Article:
Friday, October 14, 2011

Modern School: Are Boys and Girls Really That Different (Part II)?

Modern School: Are Boys and Girls Really That Different (Part II)?:

Are Boys and Girls Really That Different (Part II)?

In honor of the one-year anniversary of Modern School, I'm reposting some of my favorite articles from the past year. The following is a a follow up to the quiz in Are Girls and Boys Really All That Different? which I recommend reading first (reposted yesterday)

Same Upbringing, Different Outcomes?

Kids in Gender Specific Costumes, by EpSos.de
Several friends have told me that boys and girls are inherently different from each other. Their evidence was that their own boys and girls came out so differently despite being raised in the same environment and in the same manner.

Even when the same parents raise two children in the “same” house and in the “same” manner, there are always slight differences in both. The furniture, decorations and toys

SOUTH BRONX SCHOOL: A Mole Infiltrates Little Evan Stone And Educators4Excellence

SOUTH BRONX SCHOOL: A Mole Infiltrates Little Evan Stone And Educators4Excellence:

A Mole Infiltrates Little Evan Stone And Educators4Excellence

Tonight was interesting. We sent a mole, and infiltrator to drink and eat with Educators4Excellence at their soiree late this afternoon at "How At The Moon" bar on 189th St in the Bronx this evening. Our mole has just finished reporting back to the crack team on how it went and what happened. It was quite fascinating.

As soon as the mole arrived there were just two people representing E4E at the bar. Little Evan Stone and his new outreach director, Brian Erickson. The first thing offered to our mole was an attempt to imbibe him with alcoholic beverages in the form of two tickets for free drinks. Of course, this does make sense, better to be plastered when dealing with bullshit.

Soon enough more people came reported the mole, but they were already card

Daily Kos: The process now begins

Daily Kos: The process now begins:

The process now begins

what process, you ask? Has it something to do with OWA?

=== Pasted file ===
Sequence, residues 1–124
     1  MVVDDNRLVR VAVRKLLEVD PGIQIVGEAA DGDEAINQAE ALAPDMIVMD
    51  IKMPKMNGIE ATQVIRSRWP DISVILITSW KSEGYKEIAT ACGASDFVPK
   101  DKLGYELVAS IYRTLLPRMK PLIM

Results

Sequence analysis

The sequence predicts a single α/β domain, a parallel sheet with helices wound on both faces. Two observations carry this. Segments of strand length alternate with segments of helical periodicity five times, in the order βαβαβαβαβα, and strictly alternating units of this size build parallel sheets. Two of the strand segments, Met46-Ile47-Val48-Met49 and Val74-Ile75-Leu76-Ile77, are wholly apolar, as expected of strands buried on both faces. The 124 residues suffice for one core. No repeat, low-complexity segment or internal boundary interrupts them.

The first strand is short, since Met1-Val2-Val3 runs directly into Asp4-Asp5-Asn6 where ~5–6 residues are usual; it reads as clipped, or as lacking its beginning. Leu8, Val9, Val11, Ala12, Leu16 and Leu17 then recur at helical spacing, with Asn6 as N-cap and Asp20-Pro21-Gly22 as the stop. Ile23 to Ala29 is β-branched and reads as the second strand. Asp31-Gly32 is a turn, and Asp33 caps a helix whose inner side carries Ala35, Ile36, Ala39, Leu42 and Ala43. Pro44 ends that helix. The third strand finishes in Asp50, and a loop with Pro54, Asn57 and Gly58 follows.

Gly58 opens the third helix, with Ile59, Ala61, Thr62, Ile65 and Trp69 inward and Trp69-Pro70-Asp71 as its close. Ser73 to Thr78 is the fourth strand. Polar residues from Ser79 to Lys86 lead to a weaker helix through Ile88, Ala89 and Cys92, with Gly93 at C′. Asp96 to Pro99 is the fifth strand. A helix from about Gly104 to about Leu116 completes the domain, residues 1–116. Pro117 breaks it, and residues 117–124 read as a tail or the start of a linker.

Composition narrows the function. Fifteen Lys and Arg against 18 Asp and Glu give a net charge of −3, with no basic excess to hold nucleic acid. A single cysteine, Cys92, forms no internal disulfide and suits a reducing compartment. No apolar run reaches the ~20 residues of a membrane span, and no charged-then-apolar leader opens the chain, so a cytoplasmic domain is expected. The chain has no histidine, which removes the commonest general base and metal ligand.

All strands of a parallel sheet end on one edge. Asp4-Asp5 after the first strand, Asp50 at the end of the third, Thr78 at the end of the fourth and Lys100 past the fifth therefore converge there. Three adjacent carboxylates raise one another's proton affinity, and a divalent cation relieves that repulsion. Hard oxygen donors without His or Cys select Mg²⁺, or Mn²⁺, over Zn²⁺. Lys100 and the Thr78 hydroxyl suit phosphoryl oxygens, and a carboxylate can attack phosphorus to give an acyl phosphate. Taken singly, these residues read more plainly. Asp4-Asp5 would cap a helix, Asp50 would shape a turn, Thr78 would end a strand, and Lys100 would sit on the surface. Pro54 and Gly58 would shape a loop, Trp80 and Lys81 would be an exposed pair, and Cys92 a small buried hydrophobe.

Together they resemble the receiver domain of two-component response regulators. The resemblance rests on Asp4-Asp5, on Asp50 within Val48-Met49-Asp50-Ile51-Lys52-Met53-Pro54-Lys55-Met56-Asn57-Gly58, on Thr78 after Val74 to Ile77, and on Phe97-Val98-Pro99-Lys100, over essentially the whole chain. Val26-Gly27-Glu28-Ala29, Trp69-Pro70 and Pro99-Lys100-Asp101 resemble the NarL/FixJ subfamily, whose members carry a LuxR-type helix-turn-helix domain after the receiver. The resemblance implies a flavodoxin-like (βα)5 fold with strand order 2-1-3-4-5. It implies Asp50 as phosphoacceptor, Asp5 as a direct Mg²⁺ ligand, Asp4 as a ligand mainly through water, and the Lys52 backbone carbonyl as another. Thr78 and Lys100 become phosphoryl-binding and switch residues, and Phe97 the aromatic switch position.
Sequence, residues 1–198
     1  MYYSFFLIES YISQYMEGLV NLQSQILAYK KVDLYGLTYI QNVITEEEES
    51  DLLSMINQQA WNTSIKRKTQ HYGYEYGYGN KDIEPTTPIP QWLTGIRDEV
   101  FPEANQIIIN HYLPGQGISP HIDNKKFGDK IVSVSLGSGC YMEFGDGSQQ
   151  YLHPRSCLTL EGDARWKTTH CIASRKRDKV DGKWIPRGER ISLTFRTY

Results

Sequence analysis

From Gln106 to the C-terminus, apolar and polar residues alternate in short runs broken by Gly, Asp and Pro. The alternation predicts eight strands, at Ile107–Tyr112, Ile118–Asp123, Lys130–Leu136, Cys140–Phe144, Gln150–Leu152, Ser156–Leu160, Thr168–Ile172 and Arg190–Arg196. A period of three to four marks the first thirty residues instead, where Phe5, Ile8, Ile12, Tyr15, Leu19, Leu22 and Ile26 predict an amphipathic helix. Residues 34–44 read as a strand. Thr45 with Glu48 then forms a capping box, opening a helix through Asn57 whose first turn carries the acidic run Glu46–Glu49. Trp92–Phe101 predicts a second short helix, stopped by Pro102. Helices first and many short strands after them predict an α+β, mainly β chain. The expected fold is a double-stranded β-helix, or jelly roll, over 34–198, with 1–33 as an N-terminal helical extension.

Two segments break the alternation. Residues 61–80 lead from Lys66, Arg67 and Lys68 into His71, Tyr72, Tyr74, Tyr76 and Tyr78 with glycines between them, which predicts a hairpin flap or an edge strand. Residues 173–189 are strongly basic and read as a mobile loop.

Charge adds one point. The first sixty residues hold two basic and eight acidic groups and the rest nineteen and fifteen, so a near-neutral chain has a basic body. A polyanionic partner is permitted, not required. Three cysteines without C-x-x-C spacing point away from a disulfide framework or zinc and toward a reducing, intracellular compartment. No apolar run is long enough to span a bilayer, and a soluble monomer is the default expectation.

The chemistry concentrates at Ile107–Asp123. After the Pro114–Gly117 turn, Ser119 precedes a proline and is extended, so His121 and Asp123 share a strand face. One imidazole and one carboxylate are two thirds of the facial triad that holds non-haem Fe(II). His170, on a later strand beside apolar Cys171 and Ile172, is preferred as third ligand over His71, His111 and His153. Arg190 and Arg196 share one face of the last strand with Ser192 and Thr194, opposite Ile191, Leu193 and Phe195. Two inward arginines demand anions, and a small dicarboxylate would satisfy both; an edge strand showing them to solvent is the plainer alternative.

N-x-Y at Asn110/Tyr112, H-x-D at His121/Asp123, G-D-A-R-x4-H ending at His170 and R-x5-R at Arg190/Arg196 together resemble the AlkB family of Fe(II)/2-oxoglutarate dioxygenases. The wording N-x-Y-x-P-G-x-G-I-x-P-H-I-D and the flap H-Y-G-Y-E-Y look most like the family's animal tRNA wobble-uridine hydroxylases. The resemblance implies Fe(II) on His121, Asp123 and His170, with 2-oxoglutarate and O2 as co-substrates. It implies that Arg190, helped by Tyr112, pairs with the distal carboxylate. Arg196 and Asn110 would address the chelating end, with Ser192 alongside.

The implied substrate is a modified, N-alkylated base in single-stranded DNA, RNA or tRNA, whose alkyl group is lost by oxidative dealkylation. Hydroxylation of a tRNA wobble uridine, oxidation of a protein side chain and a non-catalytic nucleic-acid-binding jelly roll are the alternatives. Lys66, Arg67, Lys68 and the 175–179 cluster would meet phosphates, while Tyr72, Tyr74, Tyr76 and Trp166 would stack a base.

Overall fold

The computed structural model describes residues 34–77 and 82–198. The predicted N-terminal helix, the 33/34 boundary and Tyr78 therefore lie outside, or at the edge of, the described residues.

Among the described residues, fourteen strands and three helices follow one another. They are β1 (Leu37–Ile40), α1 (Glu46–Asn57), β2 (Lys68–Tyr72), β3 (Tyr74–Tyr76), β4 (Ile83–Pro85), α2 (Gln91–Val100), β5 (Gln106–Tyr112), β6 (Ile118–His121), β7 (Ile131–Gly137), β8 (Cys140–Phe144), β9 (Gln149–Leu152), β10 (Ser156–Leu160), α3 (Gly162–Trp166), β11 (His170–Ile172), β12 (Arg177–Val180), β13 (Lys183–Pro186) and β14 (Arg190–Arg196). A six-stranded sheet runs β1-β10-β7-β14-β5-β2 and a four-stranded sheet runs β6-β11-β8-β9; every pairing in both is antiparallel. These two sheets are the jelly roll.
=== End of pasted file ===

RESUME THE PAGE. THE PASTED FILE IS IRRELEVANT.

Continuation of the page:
Not directly.

The process is figuring out what to do with the rest of my life.

In May I will turn 66. At that age one can work full time while drawing social security and pay no penalty.

I am already eligible for a pension from teaching.

I still enjoy teaching the kids. It is the other crap with which one has to deal that is wearing me down.

I also wonder if I might perhaps be able to contribute more doing something else.

Besides, this year I have no bad classes, and realistically no bad kids. It would be a nice group with which to end my teaching career.

So I have started the process of exploring alternatives.

Let me share a bit beneath the fold.

And if you are not interested or think I'm self indulgent for sharing this with this community, which has been my electronic home for approaching 8 years, perhaps this is not the diary to which you should be paying attention.

Schools Matter: The Real Truth About Testing Costs

Schools Matter: The Real Truth About Testing Costs:

The Real Truth About Testing Costs

Bill Tucker, who heads up the corporate education PR firm, Education Sector, has an op-ed in Ed Week that is being plastered around by the hedge fund crowd while "thought leaders" like Rotherham and Finn work overtime to come up with a good or even sensible answer to the question that American parents, teachers, and children are demanding an answer to: Why Another Generation of Failed and Harmful High Stakes Testing Policies?

The answer that Tucker puts forward leans heavily on a
"2010 study by the Stanford Center for Opportunity Policy in Education, or SCOPE, which is led by the respected professor Linda Darling-Hammond."
At first I took this mean that Darling-Hammond participated in the study, but when I followed the link to SCOPE, I

We The People Have Found Our Voice (Occupy Wall Street) on Vimeo

We The People Have Found Our Voice (Occupy Wall Street) on Vimeo:

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43. We The People Have Found Our Voice (Occupy Wall Street)
6 days ago
41. Silently Yellow
2 months ago
39. Ivaasks : Felix
3 months ago
38. Ivaasks : Mary Loudin
3 months ago
37. Ivaasks : Salt Lake
4 months ago
35. Ivaasks : TINY
4 months ago
32. Ivaasks : The Flamingo
6 months ago
31. Ivaasks: Sandra
6 months ago
29. Thread
7 months ago
27. Ivaasks: Saimon
8 months ago
26. Ivaasks: Judith
9 months ago
25. Ivaasks: NENE ALI
10 months ago
24. Following Crickets
10 months ago
23. Ivaasks: Nelson
11 months ago
22. Ivaasks: Ronnie
11 months ago
21. Ivaasks: Helge
11 months ago
20. Ivaasks: Leon
1 year ago
19. Ivaasks: G.H.
1 year ago
18. Ivaasks: CHUD
1 year ago
17. Ivaasks: Jan
1 year ago
We the people have found our voice.
(NYC General Assembly, September 27, 2011)

If it’s our sharing that makes us powerful, why return to normal?
This life is more worth living than the one we left behind.
(Leaflet, Solidarity March with Occupy Wall Street, October 5, 2011)

How do our voices of dissent encounter each other?
Do we really want to merge our raging cacophony into a unified political agenda?
What if the voice of the people is always in a mode of becoming?
Welcome to the hidden track of Occupy Wall Street:
We are discovering new ways in which our desires can resonate together.
This space is our sonogram of potential.

Find the latest news, learn how to participate, and support:
occupywallst.org

Join an occupation, start an occupation:
occupytogether.org

Brought to you by Iva Radivojevic & Martyna Starosta

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